Structure of PRIs
Number of Tiers
- Article 243 B makes it mandatory for every State with a population exceeding 20 lakhs to have three tiers of Panchayats at the Village, Intermediate and District levels.
- In a vast and complex country, it is not feasible to prescribe nationally any specific pattern of local governments. In Kerala, there are only about 999 Village Panchayats in 14 districts. Clearly a mandatory intermediate tier Panchayat would be redundant in Kerala. Even larger States, with generally smaller habitats mostly want to treat a group of villages as the unit of local government. In such a case again, Intermediate Panchayats may be redundant.
- Also, the states should have freedom to experiment and improve the design from time to time.
- If the States wish to have three tiers, they should be free to adopt them. So the tiers of local government should be left for the State legislature to decide.
Inclusion of MPs and MLAs in Local Bodies
- Article 243 C stipulates that the State Legislature may by law provide for the representation of the MPs and MLAs at local government levels other than the village level.
- But the imposing presence of MPs and MLAs in the Panchayats would subdue the emergence of local leadership. So they should not become members of local bodies.
- The sheer accident of elected urban local governments coming into being first during the colonial era led to parallel and disjointed development of panchayats and municipalities.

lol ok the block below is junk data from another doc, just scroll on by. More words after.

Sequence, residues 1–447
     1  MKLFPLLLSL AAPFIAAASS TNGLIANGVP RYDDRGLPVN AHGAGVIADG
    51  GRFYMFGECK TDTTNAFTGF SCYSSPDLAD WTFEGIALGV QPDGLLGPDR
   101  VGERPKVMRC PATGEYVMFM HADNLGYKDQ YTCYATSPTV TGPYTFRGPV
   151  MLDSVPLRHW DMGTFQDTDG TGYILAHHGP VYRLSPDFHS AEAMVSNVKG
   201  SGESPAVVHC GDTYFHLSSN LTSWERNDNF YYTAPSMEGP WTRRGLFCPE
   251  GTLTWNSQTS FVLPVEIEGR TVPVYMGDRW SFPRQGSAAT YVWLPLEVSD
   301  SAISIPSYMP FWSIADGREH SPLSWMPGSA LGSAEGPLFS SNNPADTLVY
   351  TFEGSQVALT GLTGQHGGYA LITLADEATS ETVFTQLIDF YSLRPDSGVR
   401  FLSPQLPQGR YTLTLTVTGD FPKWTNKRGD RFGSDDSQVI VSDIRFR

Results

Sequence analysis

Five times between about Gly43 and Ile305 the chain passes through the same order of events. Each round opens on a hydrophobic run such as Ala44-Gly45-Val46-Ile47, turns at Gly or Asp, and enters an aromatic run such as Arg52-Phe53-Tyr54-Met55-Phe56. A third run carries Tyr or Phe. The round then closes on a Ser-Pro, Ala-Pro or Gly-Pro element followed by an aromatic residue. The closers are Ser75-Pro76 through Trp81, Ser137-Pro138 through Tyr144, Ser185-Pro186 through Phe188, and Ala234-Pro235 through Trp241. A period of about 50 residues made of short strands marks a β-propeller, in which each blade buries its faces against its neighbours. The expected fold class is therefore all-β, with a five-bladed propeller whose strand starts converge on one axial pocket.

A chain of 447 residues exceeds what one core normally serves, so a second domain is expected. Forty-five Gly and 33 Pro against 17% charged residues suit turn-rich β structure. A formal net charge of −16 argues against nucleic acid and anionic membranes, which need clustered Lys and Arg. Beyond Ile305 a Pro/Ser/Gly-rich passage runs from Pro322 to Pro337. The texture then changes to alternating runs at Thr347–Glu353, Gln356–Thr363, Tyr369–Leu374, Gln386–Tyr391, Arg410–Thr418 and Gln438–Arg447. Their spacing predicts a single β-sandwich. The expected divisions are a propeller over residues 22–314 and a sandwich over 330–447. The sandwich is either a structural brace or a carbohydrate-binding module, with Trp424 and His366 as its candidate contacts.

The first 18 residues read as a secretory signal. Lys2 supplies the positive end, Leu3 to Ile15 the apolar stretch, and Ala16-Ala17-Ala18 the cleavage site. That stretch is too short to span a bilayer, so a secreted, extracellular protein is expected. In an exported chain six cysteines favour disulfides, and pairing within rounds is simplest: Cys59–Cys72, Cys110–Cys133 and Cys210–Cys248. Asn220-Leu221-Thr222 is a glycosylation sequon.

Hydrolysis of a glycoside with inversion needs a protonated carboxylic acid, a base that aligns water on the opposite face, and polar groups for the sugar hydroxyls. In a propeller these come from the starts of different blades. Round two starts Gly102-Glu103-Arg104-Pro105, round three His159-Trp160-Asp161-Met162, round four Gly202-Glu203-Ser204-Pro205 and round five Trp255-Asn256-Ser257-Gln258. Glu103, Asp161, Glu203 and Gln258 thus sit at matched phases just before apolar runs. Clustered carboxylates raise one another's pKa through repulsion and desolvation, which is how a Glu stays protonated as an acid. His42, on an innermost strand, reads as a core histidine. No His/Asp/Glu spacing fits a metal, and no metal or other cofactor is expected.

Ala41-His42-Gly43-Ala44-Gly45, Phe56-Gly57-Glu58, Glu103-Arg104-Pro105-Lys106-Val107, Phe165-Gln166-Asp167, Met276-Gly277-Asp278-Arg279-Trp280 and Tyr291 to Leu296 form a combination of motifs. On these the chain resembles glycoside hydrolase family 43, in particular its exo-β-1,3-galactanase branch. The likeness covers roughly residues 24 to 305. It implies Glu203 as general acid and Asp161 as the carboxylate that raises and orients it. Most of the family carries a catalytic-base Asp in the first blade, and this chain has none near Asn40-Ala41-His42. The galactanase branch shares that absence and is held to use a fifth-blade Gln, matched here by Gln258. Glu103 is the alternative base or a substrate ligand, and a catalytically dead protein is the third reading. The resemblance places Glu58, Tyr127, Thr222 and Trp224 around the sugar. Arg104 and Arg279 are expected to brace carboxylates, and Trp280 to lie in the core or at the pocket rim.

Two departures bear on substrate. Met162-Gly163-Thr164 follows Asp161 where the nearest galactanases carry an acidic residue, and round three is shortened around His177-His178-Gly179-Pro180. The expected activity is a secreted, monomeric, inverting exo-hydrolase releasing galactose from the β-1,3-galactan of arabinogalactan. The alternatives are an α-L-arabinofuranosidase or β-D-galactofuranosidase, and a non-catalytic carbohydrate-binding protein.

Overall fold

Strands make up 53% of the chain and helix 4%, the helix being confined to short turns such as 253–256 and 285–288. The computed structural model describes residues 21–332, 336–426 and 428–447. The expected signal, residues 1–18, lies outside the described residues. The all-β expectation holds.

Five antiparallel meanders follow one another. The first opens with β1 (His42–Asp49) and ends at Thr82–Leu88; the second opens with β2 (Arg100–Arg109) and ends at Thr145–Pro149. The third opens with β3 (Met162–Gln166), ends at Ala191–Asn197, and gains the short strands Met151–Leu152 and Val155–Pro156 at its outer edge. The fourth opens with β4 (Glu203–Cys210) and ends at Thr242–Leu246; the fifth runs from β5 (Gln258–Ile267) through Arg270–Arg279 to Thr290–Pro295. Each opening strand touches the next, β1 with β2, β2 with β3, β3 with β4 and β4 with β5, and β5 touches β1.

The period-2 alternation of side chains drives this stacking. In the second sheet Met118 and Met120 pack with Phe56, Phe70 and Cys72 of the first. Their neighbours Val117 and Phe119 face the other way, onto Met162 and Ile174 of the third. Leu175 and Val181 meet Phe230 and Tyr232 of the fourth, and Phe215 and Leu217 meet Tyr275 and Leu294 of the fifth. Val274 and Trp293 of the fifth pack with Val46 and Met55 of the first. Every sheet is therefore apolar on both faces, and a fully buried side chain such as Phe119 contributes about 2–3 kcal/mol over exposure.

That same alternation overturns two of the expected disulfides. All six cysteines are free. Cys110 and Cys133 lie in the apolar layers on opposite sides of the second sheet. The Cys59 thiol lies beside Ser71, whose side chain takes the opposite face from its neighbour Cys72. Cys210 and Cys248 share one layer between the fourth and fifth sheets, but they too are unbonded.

- Its negatives are as follows:
- There is an artificial divide between the rural and urban populations even in matters relating to common needs and aspirations. For instance, health care and education. A district hospital does not cater to only the urban population in the district town.
- In a rapidly urbanising society, the boundaries between rural and urban territories keep shifting. It is absurd in an expanding city to have the peripheral areas managed by Panchayats. The need for coordination between rural and urban local governments at the district level gave rise to institutions like DPCs. But they have proved to be too weak and non-starters in many states.
- Finally, in the public eye there is no single, undivided local government at the district level. Not surprisingly, the office of collector continues to remain the real symbol of authority in the district. But this is not healthy for the growth of local self government bodies.
- Planning is an essential function of government. Creating a separate authority in the form of DPC with no governmental authority has no logic.
- So there must be a single elected District Council with representatives from all rural and urban areas, that will function as a true local government for the entire district.
Size of the Gram Panchayat
- The Constitution does not stipulate any size for Panchayats, either in terms of population or in area. Larger panchayats mean greater efficiency of scale in delivery of services. Their negative is lower citizen participation in the Gram Sabhas.
- There is a historical idealised notion that there should be one Panchayat for each village. But this leaves many Gram Panchayats too small to function meaningfully.
- Option of ward sabhas can be explored.
Ward Sabha in Rural Areas